One of the surest ways to decimate your neighborhood or city center is to replace its organic hodgepodge of smaller historic buildings with a uniform block of newer, larger, more monotonous structures. At least that’s the major conclusion of an important study published by the National Trust for Historic Preservation around 15 May 2014.
The study, Older, Smaller, Better: Measuring How the Character of Buildings and Blocks Influences Urban Vitality, details many interesting findings in its 115-page publication. This post highlights three of the report’s more curious conclusions. But first, some background on the study is necessary.
Older, Smaller, Better
The Older, Smaller, Better project examined all existing structures (not just the old or historic) in Washington, D.C., Seattle, and San Francisco. By dividing each city into a grid of 200-meter squares (to allow “apples to apples” comparisons with other cities), “the research team empirically documented the age, diversity of age, and size of buildings and statistically assessed the relationships between these characteristics and 40 economic, social, cultural, and environmental performance metrics.” The maps produced by this study are fascinating to look at, so be sure to at least check those out if you get a chance.
It was difficult to choose just three findings to analyze because they are all noteworthy, but here are my picks.
1. Young People Love Old Buildings
This finding surprised me because I sometimes hear preservation professionals discussing how challenging it can be to get young people engaged in their cause. And, to be frank, this assertion (or at least its phrasing) may be a bit of an overstatement.
The study’s conclusion that “young people love old buildings” is based on the observation that “the median age of residents in areas with a mix of small, old and new buildings is lower than in areas with larger, predominantly new buildings.” In other words, young people in the subject cities prefer to live in neighborhoods with more historic buildings rather than areas with larger, newer buildings.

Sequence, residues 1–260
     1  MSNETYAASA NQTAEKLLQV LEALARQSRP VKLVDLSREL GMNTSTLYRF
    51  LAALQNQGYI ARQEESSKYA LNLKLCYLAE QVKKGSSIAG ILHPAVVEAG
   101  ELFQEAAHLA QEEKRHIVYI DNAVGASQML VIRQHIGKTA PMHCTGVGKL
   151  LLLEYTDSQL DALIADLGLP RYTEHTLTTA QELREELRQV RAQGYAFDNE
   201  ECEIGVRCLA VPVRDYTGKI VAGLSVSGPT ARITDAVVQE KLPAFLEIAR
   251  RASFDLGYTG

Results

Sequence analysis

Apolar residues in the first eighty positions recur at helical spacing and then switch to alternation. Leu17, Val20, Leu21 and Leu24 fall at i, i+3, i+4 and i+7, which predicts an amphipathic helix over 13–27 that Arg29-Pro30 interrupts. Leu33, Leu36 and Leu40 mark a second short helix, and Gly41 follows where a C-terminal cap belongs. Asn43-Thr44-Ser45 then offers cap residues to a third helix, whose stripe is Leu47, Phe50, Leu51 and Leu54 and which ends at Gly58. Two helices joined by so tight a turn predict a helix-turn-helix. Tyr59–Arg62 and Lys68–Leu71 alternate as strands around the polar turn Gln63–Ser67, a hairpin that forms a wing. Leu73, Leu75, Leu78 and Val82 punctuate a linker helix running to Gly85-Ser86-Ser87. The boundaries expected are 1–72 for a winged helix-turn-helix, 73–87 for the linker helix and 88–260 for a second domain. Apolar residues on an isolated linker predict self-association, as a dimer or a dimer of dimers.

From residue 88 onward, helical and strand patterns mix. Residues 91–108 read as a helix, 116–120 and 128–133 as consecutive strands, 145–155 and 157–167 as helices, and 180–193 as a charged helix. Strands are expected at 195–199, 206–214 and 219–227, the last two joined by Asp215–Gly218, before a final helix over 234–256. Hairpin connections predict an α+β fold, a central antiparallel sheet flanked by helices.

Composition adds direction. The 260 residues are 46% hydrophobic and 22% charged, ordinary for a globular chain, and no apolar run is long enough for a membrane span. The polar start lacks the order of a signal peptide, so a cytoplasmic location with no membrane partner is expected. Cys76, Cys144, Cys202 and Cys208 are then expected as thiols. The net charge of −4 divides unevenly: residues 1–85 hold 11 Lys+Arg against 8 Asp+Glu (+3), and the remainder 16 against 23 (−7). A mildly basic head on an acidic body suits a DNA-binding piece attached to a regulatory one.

As the study notes, it is entirely possible (and probable) that young people prefer to live in older neighborhoods not because they love old buildings but because these areas offer lower rent or better access to amenities. So while historic neighborhoods do seem to appeal to young people, it might be a stretch to imply that young people love old buildings for their intrinsic value instead of other external factors.
2. Older, Smaller Buildings Provide Space for a Strong Local Economy
The gist of this finding is that areas with more historic buildings are a haven for small businesses. These areas “have a significantly higher proportion of non-chain restaurants and retailers” and they “host a significantly higher proportion of jobs in small businesses.” This makes a lot of sense and is not at all surprising—when was the last time you saw a chain restaurant or national retailer on your town square? But it is good to have the data to backup this intuitive principle.
Policymakers in cities need to pay special attention to this finding if they want to retain and grow their commercial tax base. After all, the 23 million small businesses in America “provide 55% of all jobs and 66% of all net new jobs since the 1970s,”
So rather than bending over backwards to let that big box retailer build their mega warehouse on the outskirts of town, try offering more incentives to rejuvenate your historic neighborhoods and city centers. The small businesses attracted by historic buildings keep more investment in the local community and will never be outsourced.
3. Older Commercial and Mixed-Use Districts Contain Hidden Density
I love this intriguing and enigmatic phraseology: “hidden density.” It really conjures up images of treasure maps and secret passages a la Indiana Jones. In essence, the study found that the buildings in historic neighborhoods are used much more efficiently than large, new buildings.
In particular, historic areas “have greater population density and more businesses per commercial square foot.” Perhaps even more significant, these historic areas “also have significantly more jobs per commercial square foot.” This underscores my previous point—investing in the preservation of historic buildings is a much better investment than new construction.
Don’t Kill Your Neighborhood
Although many local governments have killed neighborhoods and city centers in the name of “urban renewal,” it is (almost) never too late to reverse course. Small, old buildings are not just quaint features of a city’s downtown—they are the backbone of the city’s economy. Now that you’re informed, it is up to you to educate your peers and your elected officials. Go hug an old building!
Clint Tankersley is a Georgia attorney specializing in cultural heritage law. Read my bio here.